CLEVELAND- The American Civil Liberties Union of Ohio today called on newly elected Cuyahoga County Council officials to conduct all business with full transparency and accountability. On Friday, December 3, six of the eleven members of County Council met privately to decide who would assume leadership positions within the newly formed body. Various media outlets and community activists raised concerns that such closed door negotiations undermine the work of the new county government. In a meeting today, County Council narrowly voted to forgo election of officers until they are sworn in on January 3, 2011.
“County Council made a wise decision to suspend election of officers, as any decision would be marred by a cloud of secrecy and suspicion. However, the challenge remains for council members to adequately engage residents in vigorous public discussion on leadership and other critical issues facing the county,” said ACLU of Ohio Legal Director James L. Hardiman. “Merely delaying the vote without creating opportunities for meaningful dialogue is unacceptable.”
The ACLU has repeatedly called for increased openness in all aspects of the county transition effort. In February 2010, the ACLU joined with other government watchdogs in opposition to statements by transition leaders that meetings would be held in private. Officials eventually pledged full transparency, but contended that the Transition Executive Committee and its workgroups were not subject to state public records and open meetings laws.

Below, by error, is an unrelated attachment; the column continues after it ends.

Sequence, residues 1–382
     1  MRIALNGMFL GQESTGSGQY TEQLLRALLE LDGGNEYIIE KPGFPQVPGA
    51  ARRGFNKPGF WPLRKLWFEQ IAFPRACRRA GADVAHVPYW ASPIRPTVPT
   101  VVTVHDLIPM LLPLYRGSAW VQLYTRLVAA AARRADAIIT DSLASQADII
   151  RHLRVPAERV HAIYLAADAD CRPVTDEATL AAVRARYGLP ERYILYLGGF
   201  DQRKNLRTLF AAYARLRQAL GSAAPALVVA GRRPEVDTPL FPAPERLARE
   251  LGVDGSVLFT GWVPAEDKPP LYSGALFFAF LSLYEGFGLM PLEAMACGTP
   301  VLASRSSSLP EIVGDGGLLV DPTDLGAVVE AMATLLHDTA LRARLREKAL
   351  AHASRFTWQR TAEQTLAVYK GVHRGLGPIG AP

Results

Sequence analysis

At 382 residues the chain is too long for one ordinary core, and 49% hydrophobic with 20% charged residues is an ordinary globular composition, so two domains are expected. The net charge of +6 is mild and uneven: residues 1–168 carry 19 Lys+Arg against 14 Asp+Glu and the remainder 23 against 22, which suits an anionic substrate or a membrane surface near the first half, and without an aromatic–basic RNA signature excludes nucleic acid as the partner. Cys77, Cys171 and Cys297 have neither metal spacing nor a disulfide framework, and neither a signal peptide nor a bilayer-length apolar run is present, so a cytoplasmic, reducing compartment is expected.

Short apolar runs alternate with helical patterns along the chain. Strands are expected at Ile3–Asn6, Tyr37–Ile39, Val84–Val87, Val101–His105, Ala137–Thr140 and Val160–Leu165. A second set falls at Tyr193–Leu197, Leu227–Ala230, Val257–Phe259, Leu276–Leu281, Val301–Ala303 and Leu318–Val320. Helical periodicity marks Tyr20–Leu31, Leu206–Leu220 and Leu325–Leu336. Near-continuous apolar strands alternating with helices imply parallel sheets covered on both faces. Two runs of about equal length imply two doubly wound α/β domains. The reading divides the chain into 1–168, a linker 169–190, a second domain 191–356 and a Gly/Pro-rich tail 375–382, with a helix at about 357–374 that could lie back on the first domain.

After part of a public records request was denied by transition officials, the ACLU filed suit in the Ohio Supreme Court. In the lawsuit, the ACLU asks the state’s high court to rule that all transition committees and subcommittees are public bodies and are subject to Ohio’s open meetings and records laws. The lawsuit is still pending before the state Supreme Court.
“It is deeply disappointing that County Council has opted to begin their term with more secrecy,” added Hardiman. “The passage of county reform was supposed to herald in a new era of government different from ‘politics as usual,’ but nearly every facet of the transition process continues to be compromised by the same problems that plagued previous administrations.”
“Not only have County Council members possibly skirted state law and the new charter, they have forsaken the public’s trust. If the new government has any hope of success, all aspects must be accessible and responsive to the concerns of the public,” concluded Hardiman.